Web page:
By: Rafael Tonon
– New food companies such as Daily Harvest deliver healthy foods in cups and bowls that can satisfy the hunger at any time: from lunch to any break in the office.
– When exchanging the dish for the bowl, the new generations are looking for healthier meals that are not determined by time.
-From açaí bowl to poke, a container you can gently grab with the hand conveys a sense of comforting nourishment and encourages us to feel fine about our food.
– The NPD Group points out that visits to restaurants during “snack occasions” rose 3 percent last year, while at lunch they fell 2 percent.
– The one-bowl trend has become important not only for what it serves but for the way it does it: something that will transform our eating habits.
In an advertisement on the NYC subway, Daily Harvest, a startup that prepares and sends frozen, pre-portioned foods, claims they help you arrange any meal in one minute on average. The ad does not specify which meal, exactly: it only features the ingredients (“chef-crafted”, “nutrient-rich”, “organic” beets, avocados, cauliflower, etc.) – which could be an excellent choice for a hearty breakfast, a well-balanced lunch, a healthy dinner, or any meal in the meantime.
The company started offering subscription-based smoothies, but it has also evolved to soups and bowls as it has received million-dollar investments. Each meal (delivered in a “cup” or a “bowl”) provides, according to the company, access to healthy, delicious, balanced meals that you don’t even have to prepare: convenience without compromise.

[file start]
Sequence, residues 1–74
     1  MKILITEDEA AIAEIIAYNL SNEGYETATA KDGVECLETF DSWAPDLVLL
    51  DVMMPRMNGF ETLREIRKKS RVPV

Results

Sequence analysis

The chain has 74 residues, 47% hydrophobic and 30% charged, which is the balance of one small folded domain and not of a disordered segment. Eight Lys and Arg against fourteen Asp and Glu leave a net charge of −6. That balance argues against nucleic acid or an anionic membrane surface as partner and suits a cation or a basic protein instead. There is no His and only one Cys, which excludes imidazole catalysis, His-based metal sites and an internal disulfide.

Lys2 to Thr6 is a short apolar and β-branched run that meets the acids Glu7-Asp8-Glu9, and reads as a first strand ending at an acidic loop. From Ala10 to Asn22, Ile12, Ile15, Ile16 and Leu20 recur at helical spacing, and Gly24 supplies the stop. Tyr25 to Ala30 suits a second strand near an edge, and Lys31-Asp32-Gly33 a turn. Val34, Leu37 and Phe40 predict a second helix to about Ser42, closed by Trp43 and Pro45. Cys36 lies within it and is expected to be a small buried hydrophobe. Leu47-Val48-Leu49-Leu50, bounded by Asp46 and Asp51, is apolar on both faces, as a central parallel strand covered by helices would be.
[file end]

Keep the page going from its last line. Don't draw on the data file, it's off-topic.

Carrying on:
Bowl is the new plate
Replacing the plate for a bowl – or a cup – where all the ingredients (from avocado slices to organic greens, from whole grains to fruits and nuts) can be mixed does not only mean seeking greater convenience but abdicating what a plate of food has always meant so far for our actual society’s relationship with food.
With the fall of the Industrial Age, it makes less sense for us to need specific times to have our meals and to split them in breakfast or lunch, for example. Today, in the age of the creative economy, bowls seem to meet our current demands more. They better fit how we usually eat today: between a meeting and another, on the way to a work commitment at the train, or only when hunger shows up.
From the British royal wedding menu to any board in any corner in Williamsburg neighborhood, bowl food became a significant trend – even if some people want to refuse it. But more than anything else, the bowl food is a massive movement that represents a change in our eating habits: most of the time alone, “snacking” more than adequately eating, in front of a screen, and everything else in between.
To keep an eye on:
If the rise of bowl-eating was noticed circa 2017 and propelled by a new focus on healthy dishes, it has settled and now indicates a new behavior in our society: with more people working as freelancers and without the strict hours to punch in and out of work, our mealtime has changed. The meal, as we know, tends to disappear as it will make less sense to the new generations to sit down for dinner – leaving all the screens behind. The advent of snacking throughout the day will become much more massive, changing the restaurant scene and even the dishware industry. And the best way to do it is with a bowl in hand.
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